If you're a blogger (or a blog reader), you're painfully familiar with people who try to raise their own websites' search engine rankings by submitting linked blog comments like "Visit my discount pharmaceuticals site." This is called comment spam, we don't like it either, and we've been testing a new tag that blocks it. From now on, when Google sees the attribute (rel="nofollow") on hyperlinks, those links won't get any credit when we rank websites in our search results. This isn't a negative vote for the site where the comment was posted; it's just a way to make sure that spammers get no benefit from abusing public areas like blog comments, trackbacks, and referrer lists.

We hope the web software community will quickly adopt this attribute and we're pleased that a number of blog software makers have already signed on:

Brad Fitzpatrick - LiveJournal
Dave Winer - Scripting News
Anil Dash - Six Apart
Steve Jenson - Blogger
Matt Mullenweg - WordPress
Stewart Butterfield - Flickr
Anthony Batt - Buzznet
David Czarnecki - blojsom
Rael Dornfest - Blosxom
Mike Torres - MSN Spaces

We've also discussed this issue with colleagues at our fellow search engines and would like to thank MSN Search and Yahoo! for supporting this initiative. Here are a few guidelines for anyone else who wants to join the cause.

Q: How does a link change?
A: Any link that a user can create on your site automatically gets a new "nofollow" attribute. So if a blog spammer previously added a comment like

Visit my <a href="http://www.example.com/">discount pharmaceuticals</a> site.

That comment would be transformed to

Visit my <a href="http://www.example.com/" rel="nofollow">discount pharmaceuticals</a> site.

Q: What types of links should get this attribute?
A: We encourage you to use the rel="nofollow" attribute anywhere that users can add links by themselves, including within comments, trackbacks, and referrer lists. Comment areas receive the most attention, but securing every location where someone can add a link is the way to keep spammers at bay.

Q: Should I put rel="nofollow" on the link to my comments page?
A: Probably not, because lots of interesting discussion can happen there. Also, if other people link to your comments page, a spider can follow that link and find any spam that's lurking on the comments page.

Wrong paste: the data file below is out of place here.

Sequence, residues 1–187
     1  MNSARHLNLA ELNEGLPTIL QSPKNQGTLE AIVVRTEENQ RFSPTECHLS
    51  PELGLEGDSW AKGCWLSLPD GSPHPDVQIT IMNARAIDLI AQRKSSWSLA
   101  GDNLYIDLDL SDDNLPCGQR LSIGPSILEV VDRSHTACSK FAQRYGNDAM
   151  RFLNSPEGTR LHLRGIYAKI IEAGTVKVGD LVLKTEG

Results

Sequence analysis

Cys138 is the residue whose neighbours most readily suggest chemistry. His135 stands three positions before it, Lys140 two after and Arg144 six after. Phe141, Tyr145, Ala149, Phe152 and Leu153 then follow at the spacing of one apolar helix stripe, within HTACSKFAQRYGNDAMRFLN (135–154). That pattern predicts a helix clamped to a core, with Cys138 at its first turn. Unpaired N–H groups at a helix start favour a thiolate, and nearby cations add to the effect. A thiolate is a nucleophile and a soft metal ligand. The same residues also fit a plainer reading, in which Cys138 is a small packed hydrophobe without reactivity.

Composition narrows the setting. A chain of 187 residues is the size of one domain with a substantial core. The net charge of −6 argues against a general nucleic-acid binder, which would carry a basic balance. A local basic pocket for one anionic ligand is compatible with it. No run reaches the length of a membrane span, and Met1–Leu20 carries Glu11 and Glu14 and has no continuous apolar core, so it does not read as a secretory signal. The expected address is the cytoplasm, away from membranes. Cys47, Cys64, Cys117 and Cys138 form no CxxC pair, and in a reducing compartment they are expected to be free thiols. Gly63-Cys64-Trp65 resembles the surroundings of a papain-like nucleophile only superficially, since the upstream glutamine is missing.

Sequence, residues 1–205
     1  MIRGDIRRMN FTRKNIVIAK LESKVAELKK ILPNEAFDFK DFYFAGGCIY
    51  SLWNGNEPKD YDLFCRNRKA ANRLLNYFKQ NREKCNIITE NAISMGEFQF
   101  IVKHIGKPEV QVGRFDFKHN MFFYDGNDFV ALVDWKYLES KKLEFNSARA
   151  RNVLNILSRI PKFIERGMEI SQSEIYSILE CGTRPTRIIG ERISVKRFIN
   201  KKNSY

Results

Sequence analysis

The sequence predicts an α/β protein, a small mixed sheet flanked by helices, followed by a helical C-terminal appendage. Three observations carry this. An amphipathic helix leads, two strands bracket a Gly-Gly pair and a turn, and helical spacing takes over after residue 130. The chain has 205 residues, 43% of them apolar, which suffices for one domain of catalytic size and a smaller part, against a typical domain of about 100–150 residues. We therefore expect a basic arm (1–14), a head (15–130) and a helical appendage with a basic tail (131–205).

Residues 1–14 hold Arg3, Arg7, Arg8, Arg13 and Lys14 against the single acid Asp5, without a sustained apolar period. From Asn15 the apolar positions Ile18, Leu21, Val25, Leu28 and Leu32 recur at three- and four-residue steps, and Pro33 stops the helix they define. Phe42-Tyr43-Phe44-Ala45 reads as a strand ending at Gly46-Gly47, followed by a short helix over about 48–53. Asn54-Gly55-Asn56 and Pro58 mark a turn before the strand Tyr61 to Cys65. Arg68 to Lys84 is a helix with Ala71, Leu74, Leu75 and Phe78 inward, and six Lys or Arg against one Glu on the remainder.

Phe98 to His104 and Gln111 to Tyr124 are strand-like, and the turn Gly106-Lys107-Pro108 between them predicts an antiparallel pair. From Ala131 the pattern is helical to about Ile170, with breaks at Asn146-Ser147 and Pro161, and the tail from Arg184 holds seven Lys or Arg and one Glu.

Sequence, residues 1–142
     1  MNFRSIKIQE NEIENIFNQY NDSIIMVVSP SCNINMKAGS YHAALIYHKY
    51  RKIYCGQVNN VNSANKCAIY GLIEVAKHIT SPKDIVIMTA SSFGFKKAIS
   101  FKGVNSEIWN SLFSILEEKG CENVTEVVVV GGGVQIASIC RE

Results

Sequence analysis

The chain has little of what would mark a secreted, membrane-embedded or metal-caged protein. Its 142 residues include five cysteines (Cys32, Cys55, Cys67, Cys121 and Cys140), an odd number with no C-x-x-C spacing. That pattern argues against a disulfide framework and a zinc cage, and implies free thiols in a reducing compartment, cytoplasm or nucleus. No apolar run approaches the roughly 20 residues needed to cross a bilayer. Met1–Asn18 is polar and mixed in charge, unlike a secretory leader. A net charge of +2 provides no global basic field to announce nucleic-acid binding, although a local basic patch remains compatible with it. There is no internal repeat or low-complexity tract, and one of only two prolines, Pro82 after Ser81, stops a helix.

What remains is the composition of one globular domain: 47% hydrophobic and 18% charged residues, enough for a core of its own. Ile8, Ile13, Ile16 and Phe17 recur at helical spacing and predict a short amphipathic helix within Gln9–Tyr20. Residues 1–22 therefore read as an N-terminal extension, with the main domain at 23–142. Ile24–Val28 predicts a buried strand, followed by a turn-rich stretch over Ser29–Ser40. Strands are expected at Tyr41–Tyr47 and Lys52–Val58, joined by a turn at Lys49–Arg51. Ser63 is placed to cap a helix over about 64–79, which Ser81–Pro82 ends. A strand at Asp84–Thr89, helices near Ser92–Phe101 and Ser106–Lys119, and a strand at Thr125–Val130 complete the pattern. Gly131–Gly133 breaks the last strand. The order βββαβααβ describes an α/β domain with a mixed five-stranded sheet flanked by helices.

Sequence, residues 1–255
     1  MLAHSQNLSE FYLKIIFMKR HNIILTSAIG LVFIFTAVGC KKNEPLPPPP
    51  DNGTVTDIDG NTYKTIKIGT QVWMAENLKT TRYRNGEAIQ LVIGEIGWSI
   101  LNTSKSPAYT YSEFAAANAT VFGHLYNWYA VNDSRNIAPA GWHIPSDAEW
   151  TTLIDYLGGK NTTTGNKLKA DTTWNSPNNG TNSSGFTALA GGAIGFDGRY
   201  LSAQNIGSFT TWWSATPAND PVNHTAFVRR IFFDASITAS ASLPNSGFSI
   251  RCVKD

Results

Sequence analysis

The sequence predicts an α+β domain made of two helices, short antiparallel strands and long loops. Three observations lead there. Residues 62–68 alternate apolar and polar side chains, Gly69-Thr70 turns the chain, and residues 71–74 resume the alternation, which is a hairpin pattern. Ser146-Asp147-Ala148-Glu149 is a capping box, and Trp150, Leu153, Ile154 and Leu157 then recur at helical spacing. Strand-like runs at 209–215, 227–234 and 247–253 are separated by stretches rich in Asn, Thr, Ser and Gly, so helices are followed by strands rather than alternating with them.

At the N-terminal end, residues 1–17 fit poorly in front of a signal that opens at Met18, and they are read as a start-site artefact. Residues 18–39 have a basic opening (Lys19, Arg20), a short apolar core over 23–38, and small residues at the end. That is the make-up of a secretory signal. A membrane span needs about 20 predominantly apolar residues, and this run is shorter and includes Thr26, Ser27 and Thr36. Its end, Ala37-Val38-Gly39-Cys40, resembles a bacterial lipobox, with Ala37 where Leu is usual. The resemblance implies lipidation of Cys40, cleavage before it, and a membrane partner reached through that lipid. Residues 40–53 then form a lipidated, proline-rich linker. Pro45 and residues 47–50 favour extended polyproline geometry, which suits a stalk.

The best places to add this attribute are the actual links that other people can create. So on this page, for instance, only the links within comments and the link immediately after "Posted by:" would get the rel="nofollow" attribute.

Q: Do individual bloggers need to do anything?
A: Probably not. Updating the software that generates these pages will ensure that most bloggers get these changes automatically.

Q: Is this a blog-only change?
A: No. We think any piece of software that allows others to add links to an author's site (including guestbooks, visitor stats, or referrer lists) can use this attribute. We're working primarily with blog software makers for now because blogs are such a common target.

Got more questions? Email commentspam at google.com. As we spot more areas where spammers still abuse the Web, we'll contact the appropriate people in order to keep fighting comment spam.

Matt Cutts, Google Software Engineer
Jason Shellen, Blogger Program Manager

Update: The reaction to nofollow has really been quite positive, especially considering how diverse the web is. We're delighted to announce more support for nofollow:

Ross Rader - Blogware
John Panzer - AOL Journals
Kevin Marks - of Technorati also added a draft formal spec for nofollow.
Reini Urban - PhpWiki
David Gorman - ModBlog
Arnab Nandi - Drupal
James Tauber - Leonardo
Jeremie Bouillon - points out a GPL plugin for Textpattern
Simon Brown - Pebble
Ilkka Huotari - Netdoc
Shaun Inman - ShortStat
Eaden McKee - bBlog
Yariv Habot - backBlog
John Lyons - enetation
Steven Roussey - Network54
Will Yardley - Dreambook
[Update] Samuel Klingen Daams - Travellerspoint

We also wanted to add another question from a reader:

Q: Will Google recognize the 'nofollow' keyword when it's part of a space separated list? According to the HTML spec, the value of the 'rel' attribute is a space separated list of link types.
A: Absolutely. We'll practice the "be liberal in what you accept" philosophy, which means recognizing spaces, commas and, in fact, most punctuation. But we strongly recommend using spaces as separators to follow the specification.